5. Eat outside. Not necessarily at a restaurant, but in the great outdoors. There will be days when you just want to be a couch potato and it’s a chore just to get moving. But it can be well worth the effort, physically and mentally, to get up and go. One of the keys to overcoming nausea and other pregnancy discomforts is to get your mind off of them. Your gut is called the second brain for a reason. It is richly supplied with nerves and neurohormones that trigger emotions. Getting outside and enjoying the sights and sounds of nature helps your head brain overcomes your stomach brain. If you work in an office and eat lunch at your desk, for example, go out and nibble while you walk.
6. Sniff ahead. If you know what aromas trigger your nausea, it makes sense to arrange for detours around those things. If cooking odors bother you, consider pre-cooking and freezing foods on days when you feel well. Or you might lower your standards temporarily and buy more convenience foods. If you are invited to another home for dinner, offer to bring a dish you know you’ll be able to eat. When you’re at work or running errands, be sure to carry your reliable edibles with you; when a hunger surge hits, the nausea is sure to follow if you don’t have a tried-and-true snack handy.
7. De-stress. Your brain and stomach share nerves, so when you are upset, your stomach can be, too. Many mothers get stuck in a stress-nausea cycle. The worse they feel, the more stressed they become, and then they feel worse. Learning to reduce stress now is good practice for maintaining serenity as a new mother. Remind yourself that what your baby needs most is a happy, rested mother, both before and after birth.
8. Dress comfortably. There is absolutely no reason to continue wearing clothing with zippers, buttons, or snaps that make you feel tight, constricted, or uncomfortable. Just because it still fits, doesn’t mean you have to wear it. Instead, go for comfort as soon as you desire! Many pregnant women find that anything pressing on their abdomen, waist, or neck is irritating and nausea-triggering.
9. Sleep it off. It’s fortunate that the increased need for sleep coincides with the morning sickness phase. At least you can count on sleep to bring some blessed relief. Martha remembers craving sleep for this reason alone – to escape nausea. So precious is this rest that you will want to ensure that sleep goes on for as long as possible.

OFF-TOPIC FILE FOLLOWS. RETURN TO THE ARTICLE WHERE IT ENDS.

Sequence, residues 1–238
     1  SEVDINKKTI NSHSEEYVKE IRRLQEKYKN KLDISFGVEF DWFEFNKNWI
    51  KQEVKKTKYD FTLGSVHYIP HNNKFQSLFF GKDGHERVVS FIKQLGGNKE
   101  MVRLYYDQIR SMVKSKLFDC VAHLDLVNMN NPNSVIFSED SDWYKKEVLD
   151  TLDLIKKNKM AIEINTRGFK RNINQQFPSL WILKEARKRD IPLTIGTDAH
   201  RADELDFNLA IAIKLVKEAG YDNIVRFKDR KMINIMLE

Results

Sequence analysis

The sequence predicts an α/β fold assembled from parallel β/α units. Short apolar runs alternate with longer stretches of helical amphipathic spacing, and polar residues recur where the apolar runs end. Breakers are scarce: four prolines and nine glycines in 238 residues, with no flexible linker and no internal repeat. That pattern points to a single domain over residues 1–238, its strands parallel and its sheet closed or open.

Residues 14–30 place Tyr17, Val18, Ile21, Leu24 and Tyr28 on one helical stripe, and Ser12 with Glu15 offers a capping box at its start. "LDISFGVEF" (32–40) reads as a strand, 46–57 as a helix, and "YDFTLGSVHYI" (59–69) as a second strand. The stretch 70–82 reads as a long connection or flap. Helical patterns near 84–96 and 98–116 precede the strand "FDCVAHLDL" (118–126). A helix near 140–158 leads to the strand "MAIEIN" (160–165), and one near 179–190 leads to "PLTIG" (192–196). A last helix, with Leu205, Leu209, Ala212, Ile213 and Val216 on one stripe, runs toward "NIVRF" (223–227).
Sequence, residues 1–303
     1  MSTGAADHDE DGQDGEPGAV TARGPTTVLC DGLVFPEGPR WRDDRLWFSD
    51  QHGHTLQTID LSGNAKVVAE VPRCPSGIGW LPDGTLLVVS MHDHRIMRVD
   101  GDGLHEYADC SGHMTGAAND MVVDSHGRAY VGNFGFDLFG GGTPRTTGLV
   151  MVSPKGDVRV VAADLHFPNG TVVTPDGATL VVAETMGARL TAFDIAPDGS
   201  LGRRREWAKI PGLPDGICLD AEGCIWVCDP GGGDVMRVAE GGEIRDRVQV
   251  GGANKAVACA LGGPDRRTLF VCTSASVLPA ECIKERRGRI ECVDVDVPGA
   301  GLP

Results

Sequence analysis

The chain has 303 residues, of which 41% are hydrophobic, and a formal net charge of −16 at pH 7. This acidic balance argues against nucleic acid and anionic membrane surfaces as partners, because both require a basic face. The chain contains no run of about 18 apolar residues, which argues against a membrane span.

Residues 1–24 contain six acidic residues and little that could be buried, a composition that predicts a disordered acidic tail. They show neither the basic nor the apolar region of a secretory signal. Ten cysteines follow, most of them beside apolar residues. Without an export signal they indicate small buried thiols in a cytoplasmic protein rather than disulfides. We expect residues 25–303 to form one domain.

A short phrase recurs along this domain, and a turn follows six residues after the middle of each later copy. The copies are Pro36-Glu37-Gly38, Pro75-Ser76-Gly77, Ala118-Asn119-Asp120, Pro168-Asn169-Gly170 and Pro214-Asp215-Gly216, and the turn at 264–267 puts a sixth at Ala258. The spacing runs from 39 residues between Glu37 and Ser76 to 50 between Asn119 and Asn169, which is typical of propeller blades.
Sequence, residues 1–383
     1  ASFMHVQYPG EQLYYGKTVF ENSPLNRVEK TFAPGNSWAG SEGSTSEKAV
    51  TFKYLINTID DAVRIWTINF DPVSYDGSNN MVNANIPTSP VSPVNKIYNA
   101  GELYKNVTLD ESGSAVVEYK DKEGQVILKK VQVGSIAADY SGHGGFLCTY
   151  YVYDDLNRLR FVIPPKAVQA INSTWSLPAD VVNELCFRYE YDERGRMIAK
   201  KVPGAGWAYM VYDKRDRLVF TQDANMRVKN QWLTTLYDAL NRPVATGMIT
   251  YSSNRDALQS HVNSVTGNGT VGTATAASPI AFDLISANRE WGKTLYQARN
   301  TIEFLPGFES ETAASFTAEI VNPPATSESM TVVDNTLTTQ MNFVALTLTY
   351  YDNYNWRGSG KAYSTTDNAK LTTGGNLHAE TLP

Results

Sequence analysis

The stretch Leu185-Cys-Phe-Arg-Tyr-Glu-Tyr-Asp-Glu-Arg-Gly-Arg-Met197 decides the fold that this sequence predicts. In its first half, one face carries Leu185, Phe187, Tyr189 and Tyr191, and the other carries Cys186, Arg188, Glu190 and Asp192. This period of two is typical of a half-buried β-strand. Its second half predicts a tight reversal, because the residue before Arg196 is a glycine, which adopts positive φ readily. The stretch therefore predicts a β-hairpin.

10. Try acupressure. Both Eastern and Western medical practitioners describe a pressure point on the forearm about two inches above the crease, on the inner aspect of the wrist that, if stimulated, may relieve nausea and vomiting associated with pregnancy and other conditions (such as seasickness). Acupressure bands, available without prescription at pharmacies and marine stores, are meant to be worn around one or both wrists. Each band contains a button that presses on the nausea-sensitive pressure point. Acupressure works by stimulating the pressure points that dampen the hypersensitivity of the nausea center in the brain.
11. Keep your eye on the prize. Surround yourself with encouraging and supportive people and try to emphasize the positive parts of pregnancy to your children. When you’re having a day when you can’t keep anything down, remember, this too shall pass. Pregnancy-induced nausea usually eases by the third month of pregnancy.
Dr. Bill and Martha Sears are the co-authors of over 40 books on parenting and health, including the bestselling “The Baby Book”, “The Birth Book”, and the upcoming “The Healthy Pregnancy Book”, due out September 2013. With the experience of over 40 years in pediatric practice while raising 8 children, Dr. Bill and Martha stay busy as frequent guests on television and radio programs and speakers at conferences, as well as running their own parenting website, www.AskDrSears.com.